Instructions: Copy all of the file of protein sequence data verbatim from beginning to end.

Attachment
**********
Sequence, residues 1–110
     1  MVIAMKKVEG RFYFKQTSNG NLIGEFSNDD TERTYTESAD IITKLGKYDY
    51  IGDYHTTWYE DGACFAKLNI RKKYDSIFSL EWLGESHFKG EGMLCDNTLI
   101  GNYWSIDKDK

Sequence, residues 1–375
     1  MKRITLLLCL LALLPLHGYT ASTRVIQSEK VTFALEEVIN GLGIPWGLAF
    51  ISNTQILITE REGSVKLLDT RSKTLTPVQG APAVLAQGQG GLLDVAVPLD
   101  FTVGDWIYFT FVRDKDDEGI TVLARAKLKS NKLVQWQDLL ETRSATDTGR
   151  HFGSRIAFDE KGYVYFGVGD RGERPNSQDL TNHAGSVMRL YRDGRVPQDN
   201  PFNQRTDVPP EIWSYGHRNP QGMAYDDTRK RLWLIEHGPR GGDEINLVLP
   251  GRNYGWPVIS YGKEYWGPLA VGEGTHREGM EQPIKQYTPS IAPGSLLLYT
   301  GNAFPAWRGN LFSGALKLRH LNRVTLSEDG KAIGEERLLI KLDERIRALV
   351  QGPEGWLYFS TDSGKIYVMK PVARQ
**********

Sequence, residues 1–110
     1  MVIAMKKVEG RFYFKQTSNG NLIGEFSNDD TERTYTESAD IITKLGKYDY
    51  IGDYHTTWYE DGACFAKLNI RKKYDSIFSL EWLGESHFKG EGMLCDNTLI
   101  GNYWSIDKDK

Sequence, residues 1–375
     1  MKRITLLLCL LALLPLHGYT ASTRVIQSEK VTFALEEVIN GLGIPWGLAF
    51  ISNTQILITE REGSVKLLDT RSKTLTPVQG APAVLAQGQG GLLDVAVPLD
   101  FTVGDWIYFT FVRDKDDEGI TVLARAKLKS NKLVQWQDLL ETRSATDTGR
   151  HFGSRIAFDE KGYVYFGVGD RGERPNSQDL TNHAGSVMRL YRDGRVPQDN
   201  PFNQRTDVPP EIWSYGHRNP QGMAYDDTRK RLWLIEHGPR GGDEINLVLP
   251  GRNYGWPVIS YGKEYWGPLA VGEGTHREGM EQPIKQYTPS IAPGSLLLYT
   301  GNAFPAWRGN LFSGALKLRH LNRVTLSEDG KAIGEERLLI KLDERIRALV
   351  QGPEGWLYFS TDSGKIYVMK PVARQ